Pizza Shut

A beloved Brooklyn pizza joint is targeted by the city

The city's Department of Health and Mental Hygiene got caught with its pants down. It was embarrassed in April when a video, broadcast on local stations and then picked up nationally, showed rats overrunning a Taco Bell on Sixth Avenue in the Village after business hours. The rats were actually rather cute, like a Disney cartoon. But the Health Department, to prove that it was doing its job and to dispel lingering notions that it collects bribes, went ballistic, temporarily closing so many places it was hard to keep track.

It closed down John's in the West Village, one of the city's original coal-oven pizzerias, which bakes its pies at around 900 degrees. The place reopened two days later. Then, over the next two months, the department closed more places up and down Bleecker Street, pasting its jaundice-yellow signs on windows. The proximity of these closed spots to the Taco Bell on Sixth was a little suspicious. Was the department trying to prove something? We asked Sara Markt, a spokeswoman for the department, and she conceded that there had been a brief blip in the numbers after the rat incident: "We did see a peak in the closure numbers, but in general they've returned to the usual level of 20 or 30 per month."

On June 4 ,the department closed down Dom by which we mean the sainted pizza maker Domenico DeMarco, whose Di Fara Pizza on Avenue J in Brooklyn is generally regarded as the best in the city. Markt denied that the department was trying to prove anything, or that it was as a result of the pizzeria's very high profile among foodies. "All restaurants undergo routine inspections," she noted.

Located in Midwood, a neighborhood now largely populated by Orthodox Jews, the pizzeria isn't much to look at. Dom has been at it in this location for nearly 50 years, and the careworn appearance of the premises is testament to that fact. Yet pots of fresh herbs stand cheerily in the windows, the herbs Dom employs as he fusses over every pie—poking, prodding, and adjusting it by hand, grating and shaking on a bit more cheese before tossing it into the oven. Some of the ingredients—like grana padano, mozzarella di bufala, and canned San Marzano tomatoes (he also uses fresh tomatoes in his sauce) are imported from his native Italy. The lush and herby slices are so good that an hour-long line usually snakes out the front door. It's hard to imagine that anything in the well-baked slices could make anyone sick.

Among the Health Department's complaints, which were addressed in a "tribunal" on June 8, was that Dom hadn't remedied the complaints detailed in an earlier inspection, which resulted in a closure on March 23 this year. For one, neither he nor his staff were wearing plastic gloves, which the most recent inspection noted as if it were some dirty sex act: "food worker observed having bare hand contact with one slice(s) of pizza."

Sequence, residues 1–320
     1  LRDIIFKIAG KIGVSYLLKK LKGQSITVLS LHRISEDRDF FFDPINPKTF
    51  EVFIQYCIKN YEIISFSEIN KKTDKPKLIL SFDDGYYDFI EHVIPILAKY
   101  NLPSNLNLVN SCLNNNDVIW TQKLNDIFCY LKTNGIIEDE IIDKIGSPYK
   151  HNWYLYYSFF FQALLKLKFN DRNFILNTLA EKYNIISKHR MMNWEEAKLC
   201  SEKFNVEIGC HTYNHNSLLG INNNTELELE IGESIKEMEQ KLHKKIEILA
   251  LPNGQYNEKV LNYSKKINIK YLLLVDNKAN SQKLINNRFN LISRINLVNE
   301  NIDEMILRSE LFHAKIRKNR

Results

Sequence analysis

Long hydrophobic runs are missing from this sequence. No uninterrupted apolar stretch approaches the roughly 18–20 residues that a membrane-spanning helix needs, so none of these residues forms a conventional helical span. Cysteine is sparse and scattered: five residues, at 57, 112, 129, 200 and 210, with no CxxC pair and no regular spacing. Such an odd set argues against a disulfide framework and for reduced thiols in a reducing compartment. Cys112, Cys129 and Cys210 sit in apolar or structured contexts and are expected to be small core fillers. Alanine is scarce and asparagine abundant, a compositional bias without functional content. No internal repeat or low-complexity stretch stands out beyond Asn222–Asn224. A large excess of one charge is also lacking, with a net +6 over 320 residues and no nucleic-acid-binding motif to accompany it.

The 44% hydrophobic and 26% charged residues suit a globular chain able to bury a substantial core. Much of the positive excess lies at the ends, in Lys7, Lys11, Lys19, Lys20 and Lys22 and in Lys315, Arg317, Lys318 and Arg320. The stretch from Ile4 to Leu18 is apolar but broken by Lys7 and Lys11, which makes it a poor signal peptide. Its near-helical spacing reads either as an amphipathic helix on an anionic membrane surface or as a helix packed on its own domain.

Who cares? The pizza is baked at 550 degrees, a temperature that kills any bacteria you can test for. Anyway, the inspectors whom the department calls sanitarians don't really test for bacteria. There can be salmonella jumping on your organic leaf spinach, and they won't be able to tell. There are no swabs or bacteria cultures or Petri dishes involved. The only scientific apparatus employed is a thermometer, and, as Markt said, "a handheld computer that they use to input their reports. They don't have a lot of gadgets I'm aware of." Like ancient oracles, these sanitarians look for signs. As far as we're concerned, if the milk isn't refrigerated at the optimal temperature — or in Dom's case, in a refrigerator fast enough to cool anything a certain number of degrees within a set period of time — it doesn't matter. If the milk goes sour, you can taste it. And sour milk is not a health problem: It's called yogurt.

Another of Dom's problems was mice. An inspection dated May 30, 2007, found two mouse-sized holes and "40 fresh and stale mice excreta observed under two door reach-in refrigerator in kitchen." Mouse infestation is a problem that most of us have in our apartments, and it doesn't seem to be hurting us, health-wise. Of course, we sweep the tiny turds off the counter before we begin to cook, but it's more of an aesthetic issue. Flies? We all have flies, but regard the poisonous, petroleum-based chemicals used to fight them as worse than the insects. Rats are a different matter entirely. Yet, as we walked down Fulton Street in Fort Greene a couple of nights ago, the rats were dancing all over the pavement and climbing out of garbage cans with contented smiles on their faces. Where were the health inspectors then? And why can't they come into the 21st century and use analytic tools long employed by microbiologists? Until the Health Department can tell us what bacteria were detected, where they were detected, and in what quantity, we're going to be suspicious of its approach to health inspections, and resentful that they closed down one of the city's most beloved dining institutions.

The pizzeria will reportedly reopen Friday, but who knows for how long?

 
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